The complainant stated that he was victimised following a letter of complaint to the general manager on 14 December, 2006 in relation to access to teaching classes. He states that following making a complaint, his workload increased and that he was picked on by staff, I cannot find evidence to substantiate this allegation. I find that the incident regarding the complainant listening to his Ipod while supervising the pool area which happened on 1 February, 2007 was a serious breach of the health and safety regulations and the fact his duty supervisor K approached him and chastised him over the incident was reasonable under the circumstances. The complainant also admitted that he did make derogatory statements to K as mentioned at 3.6 above as he felt that he was racist but I cannot find any evidence to substantiate the complainant’s statement. Therefore, I am satisfied that the complainant was not victimised following a letter of complaint to the general manager in relation to access to teaching classes as no evidence was adduced to substantiate the claim that his workload increased and that he was picked on/bullied by colleagues.
5.7 On the day of the hearing, Ms W, supervisor to the complainant, who has since taken up employment with another company came to the hearing and gave evidence relating to the incident leading up to the complainant’s dismissal. She states that there was a general staff meeting held on 22 February, 2007 to discuss issues including general staffing, membership, equipment etc. At the start of the meeting, the general manager spoke to staff expressing gratitude for their work and then left the meeting. Ms W then continued with the meeting in relation to general matters and asked members of the group had they any questions/issues. The complainant stated that he had a problem with another staff member (M) also present at the meeting where she ordered him to hoover the carpet earlier in the week. The complainant stated that he was working in the company almost a year and that on the day in question his day was very busy and M had no right to order him to do anything. At this stage, Ms W stated that it was not appropriate to discuss this matter now and that there would be one-to-one meeting with him to discuss such issues. The complainant started to raise his voice and acted in an aggressive manner by waving his arms in the air and stated that ‘M was not the boss of him and that she didn’t respect him or that Ms W didn’t respect herself.’ M tried to explain her point of view but the complainant didn’t allow her as he was very loud and irate at this stage. Ms W restated that she would have a one-to-one meeting to discuss the complainant’s concerns. To this, the complainant responded that ‘he could not have a one-to-one meeting with her as for what he would do to her would be considered assault in this country’. Ms. W immediately left the meeting and spoke to the general manager about the incident. The complainant does not accept that he made this comment, he states that he responded that ‘he would not wish to have a one-to-one meeting with Ms. W as she may twist what he is saying and make a false accusation of assault against him’.
5.8 The general manager carried out an internal investigation into the matter whereby she spoke to each person at the meeting and submitted written statements from witnesses at the meeting as evidence at the hearing. The statements corroborate Ms. W’s evidence as given above at 5.7. The general manager spoke to the managing director of the company and decided that they had no alternative but to dismiss the complainant on 1 March 2007 on the grounds of gross misconduct based on his aggressive manner and the alleged threat of assault on another member of staff as they felt there was a break down in trust between the complainant and the respondent. On balance, I find that the evidence given by Ms. W was comprehensive and coherent and I am satisfied based on Ms. W’s evidence together with witnesses written statements present at the meeting of the 22 February, 2007 (submitted in evidence at the hearing) that a threatening remark was made against Ms. W. I am satisfied that had another employee of a different nationality reacted in similar circumstances to the complainant, the outcome would also lead to dismissal.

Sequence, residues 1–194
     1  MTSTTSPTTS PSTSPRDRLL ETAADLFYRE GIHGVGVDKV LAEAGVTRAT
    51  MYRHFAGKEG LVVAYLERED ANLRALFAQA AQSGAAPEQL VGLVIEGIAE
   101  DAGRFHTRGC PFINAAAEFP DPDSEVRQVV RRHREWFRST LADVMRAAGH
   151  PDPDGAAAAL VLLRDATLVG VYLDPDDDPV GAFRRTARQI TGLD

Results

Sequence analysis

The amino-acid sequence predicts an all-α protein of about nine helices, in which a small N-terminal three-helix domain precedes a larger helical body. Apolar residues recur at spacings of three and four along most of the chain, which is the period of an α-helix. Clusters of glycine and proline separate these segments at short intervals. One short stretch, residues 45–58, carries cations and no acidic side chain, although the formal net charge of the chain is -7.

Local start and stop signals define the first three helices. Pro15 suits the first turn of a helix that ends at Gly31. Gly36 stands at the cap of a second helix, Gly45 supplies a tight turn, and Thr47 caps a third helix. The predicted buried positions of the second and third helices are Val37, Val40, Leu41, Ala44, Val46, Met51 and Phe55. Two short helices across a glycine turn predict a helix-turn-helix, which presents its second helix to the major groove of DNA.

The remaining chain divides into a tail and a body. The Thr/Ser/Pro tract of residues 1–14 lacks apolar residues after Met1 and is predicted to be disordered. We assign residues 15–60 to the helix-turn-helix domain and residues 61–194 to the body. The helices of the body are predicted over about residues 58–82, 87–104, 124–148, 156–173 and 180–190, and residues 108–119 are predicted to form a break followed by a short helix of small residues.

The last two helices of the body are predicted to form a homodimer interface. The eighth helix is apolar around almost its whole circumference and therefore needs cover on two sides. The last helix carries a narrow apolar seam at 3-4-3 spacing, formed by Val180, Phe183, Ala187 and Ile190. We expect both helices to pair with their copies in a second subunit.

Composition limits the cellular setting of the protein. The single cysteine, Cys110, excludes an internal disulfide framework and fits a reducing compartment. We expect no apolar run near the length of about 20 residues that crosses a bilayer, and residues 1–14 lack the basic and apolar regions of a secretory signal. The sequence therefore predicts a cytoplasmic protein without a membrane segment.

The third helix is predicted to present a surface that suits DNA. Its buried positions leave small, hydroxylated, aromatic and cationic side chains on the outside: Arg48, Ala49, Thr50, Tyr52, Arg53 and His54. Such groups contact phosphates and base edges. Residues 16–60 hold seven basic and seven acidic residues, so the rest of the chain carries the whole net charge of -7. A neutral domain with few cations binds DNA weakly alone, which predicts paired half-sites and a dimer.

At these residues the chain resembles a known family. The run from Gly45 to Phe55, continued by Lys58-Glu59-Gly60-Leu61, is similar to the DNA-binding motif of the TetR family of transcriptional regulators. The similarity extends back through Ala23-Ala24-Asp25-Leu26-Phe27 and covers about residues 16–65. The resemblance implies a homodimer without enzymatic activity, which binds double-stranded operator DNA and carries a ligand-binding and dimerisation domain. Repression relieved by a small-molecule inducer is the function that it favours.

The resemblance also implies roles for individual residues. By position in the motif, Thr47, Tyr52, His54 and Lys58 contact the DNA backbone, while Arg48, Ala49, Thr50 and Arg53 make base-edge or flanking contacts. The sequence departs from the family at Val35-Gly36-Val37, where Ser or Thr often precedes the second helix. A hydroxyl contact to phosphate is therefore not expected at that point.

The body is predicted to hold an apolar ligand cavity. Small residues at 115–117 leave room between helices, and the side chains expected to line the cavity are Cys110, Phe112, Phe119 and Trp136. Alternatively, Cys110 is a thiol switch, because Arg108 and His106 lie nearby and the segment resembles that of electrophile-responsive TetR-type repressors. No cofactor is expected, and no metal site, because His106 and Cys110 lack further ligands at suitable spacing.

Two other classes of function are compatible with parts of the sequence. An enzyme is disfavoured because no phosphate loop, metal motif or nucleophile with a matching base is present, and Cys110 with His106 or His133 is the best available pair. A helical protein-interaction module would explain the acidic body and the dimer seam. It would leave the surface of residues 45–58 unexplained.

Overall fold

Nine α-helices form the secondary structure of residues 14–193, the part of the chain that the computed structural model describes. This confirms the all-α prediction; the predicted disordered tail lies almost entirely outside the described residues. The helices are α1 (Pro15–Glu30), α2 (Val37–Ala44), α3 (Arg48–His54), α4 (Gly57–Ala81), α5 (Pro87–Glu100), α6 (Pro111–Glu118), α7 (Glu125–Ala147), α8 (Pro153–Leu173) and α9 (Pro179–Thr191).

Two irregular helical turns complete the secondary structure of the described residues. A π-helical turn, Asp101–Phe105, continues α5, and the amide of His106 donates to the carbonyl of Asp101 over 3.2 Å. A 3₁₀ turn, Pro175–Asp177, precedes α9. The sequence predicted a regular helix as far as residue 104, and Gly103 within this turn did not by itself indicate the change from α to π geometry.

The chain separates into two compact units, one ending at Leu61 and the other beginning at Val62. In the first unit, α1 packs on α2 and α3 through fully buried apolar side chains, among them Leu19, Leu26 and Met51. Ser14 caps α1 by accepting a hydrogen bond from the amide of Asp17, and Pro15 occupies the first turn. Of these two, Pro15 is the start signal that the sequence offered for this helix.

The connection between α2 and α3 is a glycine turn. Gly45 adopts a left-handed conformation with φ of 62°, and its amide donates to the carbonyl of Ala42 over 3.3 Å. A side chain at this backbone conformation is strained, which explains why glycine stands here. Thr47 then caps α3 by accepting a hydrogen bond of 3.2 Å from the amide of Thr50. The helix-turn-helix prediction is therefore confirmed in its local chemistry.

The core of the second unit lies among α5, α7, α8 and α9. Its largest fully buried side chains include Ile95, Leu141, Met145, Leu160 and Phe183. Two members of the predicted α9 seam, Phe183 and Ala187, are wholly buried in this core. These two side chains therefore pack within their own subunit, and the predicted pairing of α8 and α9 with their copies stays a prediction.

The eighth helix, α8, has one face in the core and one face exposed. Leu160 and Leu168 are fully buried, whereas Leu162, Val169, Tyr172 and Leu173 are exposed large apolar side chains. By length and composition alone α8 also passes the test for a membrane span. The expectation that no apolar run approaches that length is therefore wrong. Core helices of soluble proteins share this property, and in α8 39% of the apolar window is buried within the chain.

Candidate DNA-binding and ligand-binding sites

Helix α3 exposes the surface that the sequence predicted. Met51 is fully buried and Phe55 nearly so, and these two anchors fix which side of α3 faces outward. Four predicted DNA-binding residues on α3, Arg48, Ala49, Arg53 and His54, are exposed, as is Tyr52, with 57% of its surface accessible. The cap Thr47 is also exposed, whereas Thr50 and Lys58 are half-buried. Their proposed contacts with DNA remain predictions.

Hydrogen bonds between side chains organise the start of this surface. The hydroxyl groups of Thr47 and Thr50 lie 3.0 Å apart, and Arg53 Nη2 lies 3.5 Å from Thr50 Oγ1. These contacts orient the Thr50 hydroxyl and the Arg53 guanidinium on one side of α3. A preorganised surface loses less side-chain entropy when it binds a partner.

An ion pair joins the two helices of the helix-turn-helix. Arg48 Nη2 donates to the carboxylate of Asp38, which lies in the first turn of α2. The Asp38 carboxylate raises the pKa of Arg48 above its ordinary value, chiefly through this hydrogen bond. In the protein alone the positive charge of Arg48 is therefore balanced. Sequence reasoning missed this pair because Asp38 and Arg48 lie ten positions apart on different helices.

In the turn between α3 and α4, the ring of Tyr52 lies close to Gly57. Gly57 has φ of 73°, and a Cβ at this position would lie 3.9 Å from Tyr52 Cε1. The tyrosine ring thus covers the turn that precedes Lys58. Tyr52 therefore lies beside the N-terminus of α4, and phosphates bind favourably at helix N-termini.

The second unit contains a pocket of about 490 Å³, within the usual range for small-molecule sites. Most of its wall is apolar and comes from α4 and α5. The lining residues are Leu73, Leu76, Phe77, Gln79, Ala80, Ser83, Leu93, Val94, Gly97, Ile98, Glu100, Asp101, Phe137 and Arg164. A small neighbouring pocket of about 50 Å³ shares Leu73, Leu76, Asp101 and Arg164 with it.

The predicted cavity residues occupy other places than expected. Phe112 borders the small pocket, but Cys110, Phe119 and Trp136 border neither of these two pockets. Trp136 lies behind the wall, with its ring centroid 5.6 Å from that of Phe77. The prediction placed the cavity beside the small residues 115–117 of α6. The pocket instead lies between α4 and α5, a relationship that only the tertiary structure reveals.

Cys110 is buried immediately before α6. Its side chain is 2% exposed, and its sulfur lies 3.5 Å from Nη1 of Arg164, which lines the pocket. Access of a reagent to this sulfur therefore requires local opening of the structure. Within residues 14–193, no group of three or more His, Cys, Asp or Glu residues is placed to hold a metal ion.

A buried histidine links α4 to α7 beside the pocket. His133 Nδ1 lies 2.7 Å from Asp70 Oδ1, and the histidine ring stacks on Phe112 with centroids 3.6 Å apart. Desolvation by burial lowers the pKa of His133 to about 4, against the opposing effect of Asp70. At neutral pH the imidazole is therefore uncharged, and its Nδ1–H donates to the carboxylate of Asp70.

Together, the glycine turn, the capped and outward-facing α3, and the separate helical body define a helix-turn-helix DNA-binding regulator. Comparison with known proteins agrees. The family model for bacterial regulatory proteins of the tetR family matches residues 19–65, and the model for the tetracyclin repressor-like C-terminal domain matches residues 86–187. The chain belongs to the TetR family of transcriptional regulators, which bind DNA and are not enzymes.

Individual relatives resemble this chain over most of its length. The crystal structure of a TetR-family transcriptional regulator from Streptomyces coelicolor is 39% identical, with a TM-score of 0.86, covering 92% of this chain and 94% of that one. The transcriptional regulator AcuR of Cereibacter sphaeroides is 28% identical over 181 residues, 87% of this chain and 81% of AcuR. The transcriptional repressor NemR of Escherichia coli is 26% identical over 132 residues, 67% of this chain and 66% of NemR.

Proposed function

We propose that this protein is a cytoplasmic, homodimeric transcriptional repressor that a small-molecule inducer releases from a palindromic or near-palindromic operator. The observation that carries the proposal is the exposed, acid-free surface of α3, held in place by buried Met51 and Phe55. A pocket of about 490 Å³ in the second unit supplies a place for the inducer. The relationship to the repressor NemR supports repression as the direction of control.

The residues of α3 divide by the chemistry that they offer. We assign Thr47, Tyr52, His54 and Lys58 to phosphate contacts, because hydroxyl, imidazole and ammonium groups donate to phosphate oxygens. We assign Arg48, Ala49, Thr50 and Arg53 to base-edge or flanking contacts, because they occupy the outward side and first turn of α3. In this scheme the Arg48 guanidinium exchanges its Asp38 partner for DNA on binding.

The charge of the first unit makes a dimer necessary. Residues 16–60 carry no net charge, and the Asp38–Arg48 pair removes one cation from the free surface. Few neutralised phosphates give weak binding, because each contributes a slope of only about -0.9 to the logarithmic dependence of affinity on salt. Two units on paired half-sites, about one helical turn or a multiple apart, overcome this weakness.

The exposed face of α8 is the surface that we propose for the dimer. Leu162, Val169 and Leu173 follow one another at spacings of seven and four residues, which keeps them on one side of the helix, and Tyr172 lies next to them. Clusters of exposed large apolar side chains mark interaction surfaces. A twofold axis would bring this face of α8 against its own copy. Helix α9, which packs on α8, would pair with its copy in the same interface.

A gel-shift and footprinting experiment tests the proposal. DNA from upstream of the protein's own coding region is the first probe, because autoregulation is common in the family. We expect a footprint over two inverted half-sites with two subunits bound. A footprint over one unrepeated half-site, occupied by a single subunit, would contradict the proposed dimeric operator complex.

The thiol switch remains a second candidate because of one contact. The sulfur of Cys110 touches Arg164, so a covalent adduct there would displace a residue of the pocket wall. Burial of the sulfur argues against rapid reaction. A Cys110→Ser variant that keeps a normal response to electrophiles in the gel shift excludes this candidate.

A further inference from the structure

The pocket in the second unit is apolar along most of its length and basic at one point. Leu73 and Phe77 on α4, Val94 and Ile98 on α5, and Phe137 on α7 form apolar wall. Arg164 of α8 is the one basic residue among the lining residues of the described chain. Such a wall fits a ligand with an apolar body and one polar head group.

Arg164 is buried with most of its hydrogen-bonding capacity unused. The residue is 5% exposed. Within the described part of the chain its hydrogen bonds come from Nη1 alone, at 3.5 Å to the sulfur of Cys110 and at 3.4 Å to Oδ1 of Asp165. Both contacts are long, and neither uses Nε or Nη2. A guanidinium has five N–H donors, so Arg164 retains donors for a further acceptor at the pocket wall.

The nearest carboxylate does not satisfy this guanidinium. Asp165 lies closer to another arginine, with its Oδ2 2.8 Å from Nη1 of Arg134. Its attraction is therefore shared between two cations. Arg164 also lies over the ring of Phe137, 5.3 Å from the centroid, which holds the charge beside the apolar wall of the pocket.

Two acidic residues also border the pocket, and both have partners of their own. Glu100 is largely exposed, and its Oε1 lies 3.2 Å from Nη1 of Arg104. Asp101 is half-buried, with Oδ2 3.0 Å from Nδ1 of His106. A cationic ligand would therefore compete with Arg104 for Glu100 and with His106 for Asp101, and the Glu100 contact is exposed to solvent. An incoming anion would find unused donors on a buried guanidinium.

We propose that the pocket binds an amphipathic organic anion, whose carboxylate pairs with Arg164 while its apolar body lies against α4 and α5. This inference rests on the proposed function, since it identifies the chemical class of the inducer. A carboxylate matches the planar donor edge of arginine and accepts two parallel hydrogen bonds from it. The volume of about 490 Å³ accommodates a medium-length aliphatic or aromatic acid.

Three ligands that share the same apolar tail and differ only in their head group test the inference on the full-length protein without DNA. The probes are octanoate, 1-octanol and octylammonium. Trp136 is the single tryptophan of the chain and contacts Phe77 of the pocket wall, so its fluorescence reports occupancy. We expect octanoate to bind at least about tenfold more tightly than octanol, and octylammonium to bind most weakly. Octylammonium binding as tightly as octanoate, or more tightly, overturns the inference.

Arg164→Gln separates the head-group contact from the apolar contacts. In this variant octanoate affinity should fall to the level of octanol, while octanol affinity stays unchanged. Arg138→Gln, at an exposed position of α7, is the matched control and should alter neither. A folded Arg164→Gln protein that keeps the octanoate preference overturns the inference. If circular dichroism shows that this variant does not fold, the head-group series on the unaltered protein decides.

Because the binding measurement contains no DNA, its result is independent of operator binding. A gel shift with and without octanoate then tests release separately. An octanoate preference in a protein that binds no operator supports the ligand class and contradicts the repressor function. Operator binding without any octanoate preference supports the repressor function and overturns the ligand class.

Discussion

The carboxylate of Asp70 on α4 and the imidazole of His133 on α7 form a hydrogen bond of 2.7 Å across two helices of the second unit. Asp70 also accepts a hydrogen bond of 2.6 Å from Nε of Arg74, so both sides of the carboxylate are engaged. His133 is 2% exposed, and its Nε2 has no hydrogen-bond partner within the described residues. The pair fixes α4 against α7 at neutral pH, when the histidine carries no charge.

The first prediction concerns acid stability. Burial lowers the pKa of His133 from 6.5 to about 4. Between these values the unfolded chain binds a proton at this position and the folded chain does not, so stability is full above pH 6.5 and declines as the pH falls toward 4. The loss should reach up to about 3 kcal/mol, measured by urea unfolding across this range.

5.9 On the day of the hearing, the complainant stated that he felt very aggrieved that he lost his job on the grounds of gross misconduct. He stated that an injustice was done to him and that he was not happy with the procedures that a person can be dismissed for gross misconduct in the manner in which he was dismissed. Although the complainant has argued that fair procedures were not complied with in relation to his dismissal, the issue for decision in this claim is whether or not the complainant was discriminated against on the grounds of his race in relation to his dismissal. The Tribunal has no jurisdiction to decide on the unfairness or otherwise of the dismissal, the complainant needs to prove that it was connected with his race.
5.10 In this claim, it is alleged that the complainant was treated less favourably on the grounds of his gender, race and family status in his conditions of employment, that he was victimised as a result of making a complaint to the respondent and that he was discriminatorily dismissed on the grounds of his race. Having regard to all the evidence, I am satisfied that the complainant has not established that he was treated less favourably on the grounds of his gender, race and family status in his conditions of employment or that he was victimised as a result of making a complaint and I can find no evidence to substantiate his claim that he was discriminatorily dismissed on the grounds of his race from the respondent organisation.
Having investigated the above complaint, I hereby make the following decision in accordance with Section 79(6) of the Employment Equality Acts 1998-2008; I find that the complainant has failed to establish the facts from which it may be presumed that (i) he was discriminated against on grounds of gender, family status and race in relation to his conditions of employment (ii) he was discriminatorily dismissed on grounds of his race and (iii) that he was victimised as a result of making a complaint.
Therefore, I find against the complainant.
26 January, 2009